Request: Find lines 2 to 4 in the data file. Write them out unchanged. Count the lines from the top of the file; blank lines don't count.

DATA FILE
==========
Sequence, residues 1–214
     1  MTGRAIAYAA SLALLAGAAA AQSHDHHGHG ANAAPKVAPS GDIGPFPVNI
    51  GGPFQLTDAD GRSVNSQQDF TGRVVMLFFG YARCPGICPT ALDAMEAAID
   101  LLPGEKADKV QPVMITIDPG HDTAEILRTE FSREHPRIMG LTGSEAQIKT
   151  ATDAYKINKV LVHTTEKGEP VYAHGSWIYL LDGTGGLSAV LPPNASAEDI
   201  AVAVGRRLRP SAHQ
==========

     1  MTGRAIAYAA SLALLAGAAA AQSHDHHGHG ANAAPKVAPS GDIGPFPVNI
    51  GGPFQLTDAD GRSVNSQQDF TGRVVMLFFG YARCPGICPT ALDAMEAAID
   101  LLPGEKADKV QPVMITIDPG HDTAEILRTE FSREHPRIMG LTGSEAQIKT